A new aphelenchoidid entomoparasitic nematode was isolated from the body cavity of overwintering individuals of a tenebrionid beetle, Uloma marseuli, collected at Shiga, Japan. The nematode is characterised by its six equal-sized lips forming a dome shape continuous with body contour. It has a moderately thick stylet, with wide lumen, a long two-part long (conus + conophore) and elongate oval or pear-shaped metacorpus with glandular anterior part. The male spicules are separate with a well-developed condylus, triangular rostrum and smoothly and strongly curved calomus-lamina complex. A gubernaculum or apophysis is absent. There are two pairs of papilliform male genital papillae. Females lack a post-vulval uterine sac, have a seemingly vestigial rectum and anus, and conical tail. The combination of the typological characters of the species does not fit any currently accepted aphelenchoidid genus and is somewhat intermediate between the Ektaphelenchinae and Entaphelenchinae. The molecular phylogenetic analysis also suggested that the nematode is close to both Ektaphelenchoides (Ektaphelenchinae) and Peraphelenchus (Entaphelenchinae). Thus, the nematode is described and illustrated as Lenisaphelenchus ulomae n. gen., n. sp. and tentatively placed in the Ektaphelenchinae.
Two new Neomisticius species, typologically and phylogenetically close to each other, are described and illustrated from dead Quercus trees and an ambrosia beetle, Platypus quercivorus. The two species share some stylet morphological characteristics, namely, they both possess a long conus occupying more than half of the total stylet length, a long crustaformeria composed of more than 160 cells (eight rows of more than 20 cells each), and a short and broad female tail with a digitate tip. They are distinguished from each other by N. variabilis n. sp. having a wide, spindle-shaped male bursa with a blunt terminus and N. platypi n. sp. having an oval bursa with a rounded terminus. In addition, the males and females of both species have three large rectal glands and the posterior end of the male testis (distal end of the vas deferens) bears three cells that seemingly function as a valve between the vas deferens and the cloacal tube. These characteristics have not been reported in other tylenchids. Currently, the genus contains only three species: the two new species and N. rhizomorphoides, which has a normal stylet with a short conus, a short crustaformeria, and lacks rectal glands and valve cells in the vas deferens. Therefore, the two new species are readily distinguished from N. rhizomorphoides and, based on the previous definition, may even represent a new genus. However, considering their phylogenetic closeness and biological similarities (e.g., association with ambrosia beetles), the generic definition of Neomisticius was emended to include these new species.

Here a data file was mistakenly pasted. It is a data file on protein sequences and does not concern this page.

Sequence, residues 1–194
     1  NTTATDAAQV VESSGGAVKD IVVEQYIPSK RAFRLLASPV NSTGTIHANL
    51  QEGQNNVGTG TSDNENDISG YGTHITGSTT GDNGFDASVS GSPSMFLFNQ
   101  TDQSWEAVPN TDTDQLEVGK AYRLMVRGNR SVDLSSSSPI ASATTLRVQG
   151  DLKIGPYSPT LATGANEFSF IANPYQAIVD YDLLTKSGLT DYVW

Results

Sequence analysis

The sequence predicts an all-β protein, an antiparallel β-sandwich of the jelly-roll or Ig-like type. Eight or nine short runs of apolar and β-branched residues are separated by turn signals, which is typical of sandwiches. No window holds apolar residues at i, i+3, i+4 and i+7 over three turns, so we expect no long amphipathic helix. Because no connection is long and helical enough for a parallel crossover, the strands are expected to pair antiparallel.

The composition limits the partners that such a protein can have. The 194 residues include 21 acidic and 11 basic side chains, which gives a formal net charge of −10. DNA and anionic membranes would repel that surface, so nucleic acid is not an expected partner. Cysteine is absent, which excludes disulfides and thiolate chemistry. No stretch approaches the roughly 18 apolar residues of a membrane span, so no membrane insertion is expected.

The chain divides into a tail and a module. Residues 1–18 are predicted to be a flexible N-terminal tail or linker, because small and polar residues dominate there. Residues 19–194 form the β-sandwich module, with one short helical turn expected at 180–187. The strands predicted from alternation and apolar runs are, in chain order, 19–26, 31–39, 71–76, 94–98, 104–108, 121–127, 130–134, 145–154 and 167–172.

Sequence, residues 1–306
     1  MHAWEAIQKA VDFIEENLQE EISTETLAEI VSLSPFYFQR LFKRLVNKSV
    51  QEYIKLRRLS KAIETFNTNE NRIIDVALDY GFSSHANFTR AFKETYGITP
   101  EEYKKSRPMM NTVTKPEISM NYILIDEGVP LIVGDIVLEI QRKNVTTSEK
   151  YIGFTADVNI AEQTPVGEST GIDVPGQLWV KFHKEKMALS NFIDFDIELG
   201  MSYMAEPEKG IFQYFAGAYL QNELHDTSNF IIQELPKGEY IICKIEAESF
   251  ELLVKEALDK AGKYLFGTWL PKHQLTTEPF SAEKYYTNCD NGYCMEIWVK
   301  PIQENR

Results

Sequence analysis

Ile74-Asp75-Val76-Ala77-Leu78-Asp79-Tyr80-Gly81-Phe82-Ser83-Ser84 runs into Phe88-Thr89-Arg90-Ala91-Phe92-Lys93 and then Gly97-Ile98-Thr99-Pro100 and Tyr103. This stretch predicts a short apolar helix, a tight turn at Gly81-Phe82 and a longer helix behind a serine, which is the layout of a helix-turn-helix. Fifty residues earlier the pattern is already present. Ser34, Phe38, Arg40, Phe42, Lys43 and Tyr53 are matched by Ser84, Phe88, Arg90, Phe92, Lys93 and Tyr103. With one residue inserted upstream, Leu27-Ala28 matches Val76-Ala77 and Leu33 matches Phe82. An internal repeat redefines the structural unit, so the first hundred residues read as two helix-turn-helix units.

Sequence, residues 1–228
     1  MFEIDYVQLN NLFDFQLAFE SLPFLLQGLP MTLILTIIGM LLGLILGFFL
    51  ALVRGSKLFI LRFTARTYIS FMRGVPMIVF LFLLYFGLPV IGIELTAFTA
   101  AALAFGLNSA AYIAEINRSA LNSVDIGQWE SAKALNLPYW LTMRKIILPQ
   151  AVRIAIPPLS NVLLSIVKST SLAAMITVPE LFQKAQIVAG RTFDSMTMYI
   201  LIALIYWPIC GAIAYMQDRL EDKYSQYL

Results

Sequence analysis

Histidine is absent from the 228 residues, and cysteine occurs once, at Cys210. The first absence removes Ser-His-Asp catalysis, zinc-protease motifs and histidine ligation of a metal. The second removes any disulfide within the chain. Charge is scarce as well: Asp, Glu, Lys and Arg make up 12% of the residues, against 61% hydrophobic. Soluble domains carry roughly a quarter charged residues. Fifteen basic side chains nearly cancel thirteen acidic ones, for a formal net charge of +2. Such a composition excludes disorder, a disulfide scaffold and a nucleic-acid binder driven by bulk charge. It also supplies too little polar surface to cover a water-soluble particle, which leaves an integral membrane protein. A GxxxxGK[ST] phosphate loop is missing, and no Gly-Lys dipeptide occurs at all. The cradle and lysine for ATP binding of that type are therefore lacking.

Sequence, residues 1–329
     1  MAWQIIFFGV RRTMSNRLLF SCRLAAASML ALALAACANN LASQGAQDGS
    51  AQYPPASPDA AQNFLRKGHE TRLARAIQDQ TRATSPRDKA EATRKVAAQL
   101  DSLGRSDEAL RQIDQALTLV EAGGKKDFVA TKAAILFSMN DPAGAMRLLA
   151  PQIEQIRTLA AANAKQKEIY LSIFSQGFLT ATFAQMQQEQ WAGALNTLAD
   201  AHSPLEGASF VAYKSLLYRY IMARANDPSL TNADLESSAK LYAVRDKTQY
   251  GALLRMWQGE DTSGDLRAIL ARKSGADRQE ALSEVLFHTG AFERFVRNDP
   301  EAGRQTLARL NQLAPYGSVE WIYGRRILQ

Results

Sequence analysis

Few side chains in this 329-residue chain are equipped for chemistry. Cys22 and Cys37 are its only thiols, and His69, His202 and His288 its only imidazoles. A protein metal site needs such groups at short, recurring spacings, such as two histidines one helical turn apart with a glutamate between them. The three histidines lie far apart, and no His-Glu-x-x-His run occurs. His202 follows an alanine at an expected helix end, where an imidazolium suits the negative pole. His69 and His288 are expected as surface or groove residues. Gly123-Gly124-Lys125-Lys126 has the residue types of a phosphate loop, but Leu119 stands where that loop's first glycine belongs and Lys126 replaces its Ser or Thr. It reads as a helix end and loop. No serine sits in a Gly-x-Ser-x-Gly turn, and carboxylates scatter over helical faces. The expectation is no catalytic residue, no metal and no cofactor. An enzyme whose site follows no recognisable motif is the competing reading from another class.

A new Devibursaphelenchus species isolated from the bark of a dead Quercus aliena, which had been infected and killed by Japanese oak wilt, was collected in Shiga, Japan. The new species is characterised by the relatively large body in males (661-768 μm) and females (893-1071 μm), conspicuous male bursal flap, male spicule with long condylus and wide blade, female post-vulval uterine sac (PUS) 39-54 μm or 1.6-2.3 times the vulval body diam. long, vestigial female anus, and female tail forming a strongly ventrally recurved elongate conoid with bluntly pointed or narrowly rounded terminus. The new species is typologically similar to D. lini, sharing a large body, conspicuous bursal flap, long PUS, and spicule shape, but can be distinguished from it by the absence of variation in the female tail shape, i.e., the tail of the new species is always long and strongly ventrally curved, while the tail shape varies more in D. lini. A previous molecular phylogenetic analysis suggested that the new species is fairly close to D. lini, but can be distinguished from it by the 1.0% (16 bp) difference within 1.6 kb of the 18S and 3.7% (26 bps) difference within 0.7 kb of the D2-D3 LSU ribosomal RNA genes. The newly found nematode is described and illustrated herein as D. alienae n. sp.
A new rhabditid entomophilic nematode was isolated from adult Epuraea (Haptoncus) ocularis collected from brown to light brown sap on the trunk of Ulmus parvifolia in Kyoto, Japan. The typological characters of the species, anteriorly opened peloderan bursa with nine bursal rays with the first, fifth, and eighth pairs directed dorsally, very long and two-part spicule with broad tip, and elongate conical female tail, do not fit the current nominal rhabditid genera. While phylogenetic analyses based on the near-full-length small subunit (18S) ribosomal RNA sequence tentatively suggest that the species is the sister of Buetschlinema, the typological and biological characters of the new species clearly differ from that genus, and so a new species is described herein as Chylorhabditis epuraeae n. gen., n. sp.
Bursaphelenchus tadamiensis, which was initially isolated from a stag beetle, Dorcus striatipennis, collected from sap flow of Quercus crispula in Fukushima, north-eastern Japan, was re-isolated three times from sap flow of Quercus spp. in western Japan. The re-isolated populations were mostly morphologically consistent with the type population, but the male bursal flap showed high variations in the newly collected populations. Molecularly, the type and new populations showed differences in the internal transcribed spacer region of ribosomal DNA and mitochondrial cytochrome oxidase subunit I gene, suggesting that the species is genetically divided into several local populations. The isolation pattern of B. tadamiensis, i.e., the species was initially isolated from sap flow-associated beetles and subsequently isolated from sap flow, suggests that the species prefers and is adapted to the sap flow environment as its habitat.